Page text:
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Learn English > English lessons and exercises > English test #109392: Doing, Do, To do...
Doing, Do, To do...
Experience has taught me that it's quite difficult for students to make a difference and to know when to use the gerund, the infinitive, and the present participle. I do hope this lesson will help you!
1) 'DOING' => 'Verb + ing' = Present Participle:
The present participle is mainly used to build - ing forms. It indicates an action in progress, which is, or was, taking place in the present. It can be used alone but can also express a cause.
ex : Paul was working (1) in the garden when he saw his friend entering (2) the house.
(1) = ( preterite in - ing) - (2) =(action in progress, following a verb of involontary perception).
- when used like an adjective, it has an active meaning : the person is doing the action.'
ex : After hearing such a boring lecture, it was comforting to hear Steve's speech... It was so interesting !
2) THE ACTION of DOING= an Infinitive in French:
Doing, swimming, singing = the fact of doing, of swimming, of singing... = Here, the French infinitive must be turned into a GERUND, a kind of verbal noun. It corresponds to a noun when current activities are concerned.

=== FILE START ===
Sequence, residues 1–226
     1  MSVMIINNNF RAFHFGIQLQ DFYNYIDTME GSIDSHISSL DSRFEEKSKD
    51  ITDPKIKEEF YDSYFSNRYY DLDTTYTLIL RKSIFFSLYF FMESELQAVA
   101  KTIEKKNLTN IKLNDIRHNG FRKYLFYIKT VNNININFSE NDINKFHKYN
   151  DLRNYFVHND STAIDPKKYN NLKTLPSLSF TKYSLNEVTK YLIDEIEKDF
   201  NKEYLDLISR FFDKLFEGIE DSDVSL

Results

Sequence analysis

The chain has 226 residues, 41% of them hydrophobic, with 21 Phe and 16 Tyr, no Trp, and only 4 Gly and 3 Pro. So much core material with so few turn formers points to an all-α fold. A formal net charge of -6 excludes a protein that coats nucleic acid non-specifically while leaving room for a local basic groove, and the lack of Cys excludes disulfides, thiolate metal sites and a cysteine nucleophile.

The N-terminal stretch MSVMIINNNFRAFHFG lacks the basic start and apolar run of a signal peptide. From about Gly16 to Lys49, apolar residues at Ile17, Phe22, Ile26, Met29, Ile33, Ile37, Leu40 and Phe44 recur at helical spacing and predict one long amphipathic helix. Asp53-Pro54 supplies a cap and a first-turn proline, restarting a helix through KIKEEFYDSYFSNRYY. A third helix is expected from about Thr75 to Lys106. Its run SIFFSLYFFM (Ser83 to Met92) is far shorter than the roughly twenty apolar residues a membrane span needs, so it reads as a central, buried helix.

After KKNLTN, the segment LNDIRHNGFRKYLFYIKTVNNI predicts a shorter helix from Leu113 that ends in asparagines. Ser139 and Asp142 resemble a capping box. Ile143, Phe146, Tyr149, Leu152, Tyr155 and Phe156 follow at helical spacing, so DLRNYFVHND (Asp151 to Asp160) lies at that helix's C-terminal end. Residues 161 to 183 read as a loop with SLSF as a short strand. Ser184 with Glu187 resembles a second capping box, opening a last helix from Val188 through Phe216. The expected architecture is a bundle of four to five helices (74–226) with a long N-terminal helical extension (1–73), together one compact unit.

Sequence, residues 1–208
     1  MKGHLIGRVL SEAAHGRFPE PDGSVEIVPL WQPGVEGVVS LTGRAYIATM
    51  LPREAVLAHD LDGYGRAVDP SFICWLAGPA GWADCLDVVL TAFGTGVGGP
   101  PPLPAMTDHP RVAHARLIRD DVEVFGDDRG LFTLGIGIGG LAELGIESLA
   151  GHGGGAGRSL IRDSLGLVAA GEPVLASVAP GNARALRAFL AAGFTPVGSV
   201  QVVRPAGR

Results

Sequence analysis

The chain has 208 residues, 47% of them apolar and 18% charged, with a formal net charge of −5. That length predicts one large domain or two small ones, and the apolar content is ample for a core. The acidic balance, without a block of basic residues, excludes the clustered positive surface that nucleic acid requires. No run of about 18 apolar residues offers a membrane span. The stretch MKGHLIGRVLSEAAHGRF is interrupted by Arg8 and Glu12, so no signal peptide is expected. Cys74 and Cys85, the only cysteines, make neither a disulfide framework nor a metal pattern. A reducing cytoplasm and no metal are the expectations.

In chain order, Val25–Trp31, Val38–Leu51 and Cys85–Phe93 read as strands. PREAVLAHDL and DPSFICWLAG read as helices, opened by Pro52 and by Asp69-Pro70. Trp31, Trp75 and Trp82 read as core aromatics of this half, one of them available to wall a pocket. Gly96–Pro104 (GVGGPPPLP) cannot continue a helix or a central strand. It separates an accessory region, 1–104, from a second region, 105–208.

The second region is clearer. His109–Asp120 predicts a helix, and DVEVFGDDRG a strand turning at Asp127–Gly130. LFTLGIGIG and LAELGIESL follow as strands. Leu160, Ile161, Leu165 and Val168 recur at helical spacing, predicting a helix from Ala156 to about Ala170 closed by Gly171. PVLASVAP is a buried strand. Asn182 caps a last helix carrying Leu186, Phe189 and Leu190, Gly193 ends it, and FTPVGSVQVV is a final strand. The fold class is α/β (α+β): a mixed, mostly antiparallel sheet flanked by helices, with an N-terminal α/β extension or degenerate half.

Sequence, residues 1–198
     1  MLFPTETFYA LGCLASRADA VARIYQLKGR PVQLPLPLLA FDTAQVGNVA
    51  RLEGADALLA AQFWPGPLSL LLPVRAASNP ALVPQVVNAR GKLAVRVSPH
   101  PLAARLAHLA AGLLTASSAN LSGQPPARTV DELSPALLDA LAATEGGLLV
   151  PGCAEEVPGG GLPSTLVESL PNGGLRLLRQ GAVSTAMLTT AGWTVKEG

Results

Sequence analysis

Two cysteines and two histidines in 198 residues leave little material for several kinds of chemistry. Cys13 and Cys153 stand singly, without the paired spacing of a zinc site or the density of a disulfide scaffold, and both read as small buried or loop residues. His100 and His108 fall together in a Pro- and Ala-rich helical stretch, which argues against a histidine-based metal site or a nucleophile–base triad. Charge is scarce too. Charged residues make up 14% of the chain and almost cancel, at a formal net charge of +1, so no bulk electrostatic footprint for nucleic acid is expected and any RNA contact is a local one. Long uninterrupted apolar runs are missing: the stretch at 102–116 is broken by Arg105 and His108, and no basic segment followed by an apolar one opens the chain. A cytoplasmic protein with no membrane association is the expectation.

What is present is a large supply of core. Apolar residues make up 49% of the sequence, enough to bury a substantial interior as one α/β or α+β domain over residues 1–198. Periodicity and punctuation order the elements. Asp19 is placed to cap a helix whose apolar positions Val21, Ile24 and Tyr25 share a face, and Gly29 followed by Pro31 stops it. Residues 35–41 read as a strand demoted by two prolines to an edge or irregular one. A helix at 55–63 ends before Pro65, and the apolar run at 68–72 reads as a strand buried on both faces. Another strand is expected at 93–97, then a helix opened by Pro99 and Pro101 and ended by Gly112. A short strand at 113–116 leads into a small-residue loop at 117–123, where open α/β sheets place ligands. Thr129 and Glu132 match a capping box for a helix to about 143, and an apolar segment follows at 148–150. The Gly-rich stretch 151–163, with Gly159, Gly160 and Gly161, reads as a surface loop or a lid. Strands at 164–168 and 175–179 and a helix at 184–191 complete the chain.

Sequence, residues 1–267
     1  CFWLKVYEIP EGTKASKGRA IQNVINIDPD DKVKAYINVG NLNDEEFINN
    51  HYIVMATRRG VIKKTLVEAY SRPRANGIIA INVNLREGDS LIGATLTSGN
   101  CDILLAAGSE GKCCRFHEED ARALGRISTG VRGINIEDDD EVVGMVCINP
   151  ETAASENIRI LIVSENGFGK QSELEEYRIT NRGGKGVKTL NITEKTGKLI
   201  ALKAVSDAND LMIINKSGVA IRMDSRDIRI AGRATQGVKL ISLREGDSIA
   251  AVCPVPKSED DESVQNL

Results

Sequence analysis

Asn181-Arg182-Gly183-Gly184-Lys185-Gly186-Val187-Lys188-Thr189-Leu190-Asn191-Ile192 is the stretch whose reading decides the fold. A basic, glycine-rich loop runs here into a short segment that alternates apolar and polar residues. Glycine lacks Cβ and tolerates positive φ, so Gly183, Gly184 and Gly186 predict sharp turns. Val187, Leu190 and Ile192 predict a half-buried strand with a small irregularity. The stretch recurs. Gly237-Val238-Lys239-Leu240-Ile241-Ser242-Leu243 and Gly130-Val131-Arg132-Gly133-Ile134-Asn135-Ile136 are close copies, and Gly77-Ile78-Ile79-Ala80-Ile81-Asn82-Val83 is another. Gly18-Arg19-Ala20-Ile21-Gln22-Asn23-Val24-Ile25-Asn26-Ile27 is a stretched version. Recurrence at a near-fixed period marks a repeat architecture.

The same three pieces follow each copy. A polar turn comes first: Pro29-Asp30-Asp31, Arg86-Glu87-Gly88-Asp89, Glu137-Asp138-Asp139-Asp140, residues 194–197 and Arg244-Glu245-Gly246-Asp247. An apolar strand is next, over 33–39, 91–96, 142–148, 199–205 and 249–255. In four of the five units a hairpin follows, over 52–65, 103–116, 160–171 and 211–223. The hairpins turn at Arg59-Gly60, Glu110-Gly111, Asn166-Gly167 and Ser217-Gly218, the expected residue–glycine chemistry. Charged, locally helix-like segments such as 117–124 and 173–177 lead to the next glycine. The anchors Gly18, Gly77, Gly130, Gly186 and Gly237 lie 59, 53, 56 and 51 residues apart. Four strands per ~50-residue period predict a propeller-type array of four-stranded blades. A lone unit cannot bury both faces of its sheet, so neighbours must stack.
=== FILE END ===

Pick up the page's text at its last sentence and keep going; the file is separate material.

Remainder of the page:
(Swimming, reading, horse riding, cooking...)
The gerund can be a subject, a predicate, or object complement. It can also be following a preposition.
ex : Walking is much better for your health than driving.
ex : Do you like horse riding? I've never practised it.
ex : Don't go without leaving your name and phone number.
3) TO DO; SO AS TO DO; IN ORDER TO DO= Expressing an aim:
As a whole, 'in order to + infinitive' = TO + INFINITIVE ; in a little more formal style SO AS TO ... or IN ORDER TO are also used...
ex : In order to be fit, you should exercise a little every day...
BEWARE! In the negative form: take care of the right order: not to..., so as not to..., in order not to ...
Well well! I hope you'll be quite careful... Here's the test! Go for it!
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